In 2006, Howling Bells’ eponymous debut was one of the records of the year. Since then they’ve hardly torn up the industry. But new album Heartstrings sounds like it could be a way back into the indie mainstream.
Date: June 1, 2014
Venue: Bodega, Nottingham
Things just got weird at the Bodega. Howling Bells walk on stage to complete silence. It’s an eerie, almost embarrassing shun for the band who, although remain quiet themselves, must be wondering what the hell is wrong with these people quietly stood before them. Even the support band got a few welcoming yelps.
Disconcerted somewhat, the band simply engage their instruments and launch into new song Paris. Thankfully, the crowd prove that they aren’t all zombies and give it the applause it deserves.
Ok, so normal gig proceedings have been resumed. Thank God for that, because that was one of the weirdest things your reviewer has seen in his many years of attending gigs.
So then, about Howling Bells. They’re an indie rock four-piece that formed in Sydney in 2004, and gained a slice of notoriety in 2006 upon the release of the eponymous debut record. Gigwise also pitched lead singer Juanita Stein in the limelight by crowning her with the title of “Sexiest woman in rock” around the time of their second LP, 2009’s Radio Wars, and their support slot with Coldplay in the States in the same year.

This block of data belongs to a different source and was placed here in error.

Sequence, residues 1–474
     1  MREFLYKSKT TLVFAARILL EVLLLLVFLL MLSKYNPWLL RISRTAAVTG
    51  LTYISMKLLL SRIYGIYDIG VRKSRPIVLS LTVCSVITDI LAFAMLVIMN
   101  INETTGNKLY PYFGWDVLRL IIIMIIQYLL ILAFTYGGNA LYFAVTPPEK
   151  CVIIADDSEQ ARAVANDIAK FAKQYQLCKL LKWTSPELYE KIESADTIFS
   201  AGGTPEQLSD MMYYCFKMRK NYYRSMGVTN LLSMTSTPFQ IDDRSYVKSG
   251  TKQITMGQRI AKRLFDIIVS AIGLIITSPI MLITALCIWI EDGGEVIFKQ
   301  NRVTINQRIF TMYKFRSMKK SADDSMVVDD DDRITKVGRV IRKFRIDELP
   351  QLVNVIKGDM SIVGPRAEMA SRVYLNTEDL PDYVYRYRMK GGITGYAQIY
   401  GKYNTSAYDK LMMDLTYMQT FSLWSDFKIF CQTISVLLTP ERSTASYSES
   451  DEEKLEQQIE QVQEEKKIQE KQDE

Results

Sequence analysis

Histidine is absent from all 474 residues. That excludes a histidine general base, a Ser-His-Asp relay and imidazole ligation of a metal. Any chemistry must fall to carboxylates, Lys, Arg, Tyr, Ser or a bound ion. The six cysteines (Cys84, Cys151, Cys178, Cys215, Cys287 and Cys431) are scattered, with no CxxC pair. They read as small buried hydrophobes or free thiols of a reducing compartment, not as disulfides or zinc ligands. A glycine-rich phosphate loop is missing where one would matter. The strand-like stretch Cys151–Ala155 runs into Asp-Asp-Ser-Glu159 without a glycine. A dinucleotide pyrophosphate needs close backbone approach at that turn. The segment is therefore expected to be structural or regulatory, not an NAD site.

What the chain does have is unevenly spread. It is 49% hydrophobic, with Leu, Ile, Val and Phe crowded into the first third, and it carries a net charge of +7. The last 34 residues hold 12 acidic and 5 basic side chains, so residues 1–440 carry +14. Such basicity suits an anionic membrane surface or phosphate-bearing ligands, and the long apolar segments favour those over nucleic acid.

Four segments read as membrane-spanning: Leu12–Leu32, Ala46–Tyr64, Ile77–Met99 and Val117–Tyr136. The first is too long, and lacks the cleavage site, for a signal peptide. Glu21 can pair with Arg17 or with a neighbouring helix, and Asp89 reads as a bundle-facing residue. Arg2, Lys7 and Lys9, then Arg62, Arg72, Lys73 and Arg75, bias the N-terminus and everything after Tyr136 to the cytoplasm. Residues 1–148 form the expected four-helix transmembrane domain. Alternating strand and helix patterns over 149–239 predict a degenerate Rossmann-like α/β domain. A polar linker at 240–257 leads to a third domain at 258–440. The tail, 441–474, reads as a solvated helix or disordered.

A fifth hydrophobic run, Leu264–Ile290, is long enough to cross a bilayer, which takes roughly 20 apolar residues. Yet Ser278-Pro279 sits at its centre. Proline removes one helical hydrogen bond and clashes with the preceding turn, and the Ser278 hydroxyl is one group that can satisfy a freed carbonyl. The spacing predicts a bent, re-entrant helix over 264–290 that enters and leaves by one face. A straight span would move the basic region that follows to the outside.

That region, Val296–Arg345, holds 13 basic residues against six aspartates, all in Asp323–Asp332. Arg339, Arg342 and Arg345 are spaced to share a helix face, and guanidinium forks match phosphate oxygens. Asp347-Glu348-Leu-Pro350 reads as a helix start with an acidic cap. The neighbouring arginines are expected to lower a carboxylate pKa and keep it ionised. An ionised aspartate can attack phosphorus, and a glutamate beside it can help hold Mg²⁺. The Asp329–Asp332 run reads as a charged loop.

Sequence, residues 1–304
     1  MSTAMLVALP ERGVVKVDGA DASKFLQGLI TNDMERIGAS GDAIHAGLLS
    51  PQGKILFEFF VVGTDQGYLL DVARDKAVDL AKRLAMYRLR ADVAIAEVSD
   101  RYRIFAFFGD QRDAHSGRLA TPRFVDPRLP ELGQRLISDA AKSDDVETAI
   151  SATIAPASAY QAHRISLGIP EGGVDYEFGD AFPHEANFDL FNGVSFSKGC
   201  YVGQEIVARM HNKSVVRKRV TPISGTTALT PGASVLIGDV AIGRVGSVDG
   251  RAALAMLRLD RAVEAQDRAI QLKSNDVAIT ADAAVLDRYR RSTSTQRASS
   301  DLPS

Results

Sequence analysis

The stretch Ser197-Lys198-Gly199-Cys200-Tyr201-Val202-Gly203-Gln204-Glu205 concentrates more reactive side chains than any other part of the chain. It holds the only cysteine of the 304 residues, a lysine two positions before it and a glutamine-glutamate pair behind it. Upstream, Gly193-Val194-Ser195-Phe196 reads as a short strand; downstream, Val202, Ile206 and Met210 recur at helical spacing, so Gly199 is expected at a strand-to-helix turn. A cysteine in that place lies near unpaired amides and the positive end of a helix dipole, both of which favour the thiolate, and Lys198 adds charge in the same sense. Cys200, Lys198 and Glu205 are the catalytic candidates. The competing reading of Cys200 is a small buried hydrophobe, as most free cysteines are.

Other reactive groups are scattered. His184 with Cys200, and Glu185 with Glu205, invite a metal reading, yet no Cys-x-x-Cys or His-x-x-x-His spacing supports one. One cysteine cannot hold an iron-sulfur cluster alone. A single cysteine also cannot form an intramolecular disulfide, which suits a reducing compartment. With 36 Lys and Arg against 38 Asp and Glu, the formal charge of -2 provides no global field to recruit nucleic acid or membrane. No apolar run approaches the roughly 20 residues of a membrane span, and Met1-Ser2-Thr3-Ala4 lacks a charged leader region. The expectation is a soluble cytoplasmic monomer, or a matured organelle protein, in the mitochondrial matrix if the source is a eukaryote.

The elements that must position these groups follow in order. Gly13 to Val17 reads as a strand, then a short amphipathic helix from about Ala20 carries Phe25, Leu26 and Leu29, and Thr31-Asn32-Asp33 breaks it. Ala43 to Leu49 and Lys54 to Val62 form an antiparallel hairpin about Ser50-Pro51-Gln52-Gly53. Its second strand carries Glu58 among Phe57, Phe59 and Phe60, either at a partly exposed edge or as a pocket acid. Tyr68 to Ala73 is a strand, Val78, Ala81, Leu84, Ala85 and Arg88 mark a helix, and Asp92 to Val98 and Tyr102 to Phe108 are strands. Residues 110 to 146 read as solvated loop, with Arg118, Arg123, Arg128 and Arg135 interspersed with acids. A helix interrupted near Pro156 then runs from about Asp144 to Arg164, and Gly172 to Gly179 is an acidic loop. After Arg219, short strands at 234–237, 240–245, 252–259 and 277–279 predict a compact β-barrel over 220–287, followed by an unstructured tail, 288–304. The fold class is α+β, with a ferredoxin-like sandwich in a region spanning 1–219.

But largely, they’ve spend most of their career unnoticed, which is a real shame because they have some ear-tinglingly spectacular tunes.
New album Heartstrings is plugged, with the majority of the set promoting its gigantic riffs and Juanita’s dulcet tones. She’s like Sophie Ellis-Bextor gone rock, with the kind of voice made for a mic and the kind of eyes that send men wild. She looks like a combination of Rachel Stevens and Maria from Coronation Street (Ask your mum), a real Aussie beaut, dressed in a psychedelic shirt and leggings.
The afore-mentioned Paris kick starts the set – and the audience – with some echoic guitar mastery before it settles into a relaxed slacker groove which sets the tone of the set.
Paper Heart changes this tone. It’s stripped back to reveal Juanita’s crystalline vocals and a simple, haunting piano.
Upping the ante again is Cities Burning Down from Radio Wars, which sounds epic, while Setting Sun is not a cover of The Chemical Brothers’ classic, but a heady mix of melody and sweet, sweet noise.
Juanita doesn’t say much. A few words about an in-store gig they did earlier, and announcing that “Our record is out tomorrow”, before enticing everyone to buy it via a stunning Reverie.
Low Happening is met with the biggest cheer. It was their clarion call back in 2006, all clanging guitars, slinky hooks and a knock-out chorus, and it’s still their best track if truth be told.
By now the hitherto sleepy Sunday night audience are hollowing loudly for an encore, and the band oblige by playing one last track, Broken Bones, a song that begins all jangle-pop before exploding into a cacophony of noise.
From hushed beginnings to an explosive ending, Howling Bells deserve a place in 2014’s indie zeitgeist.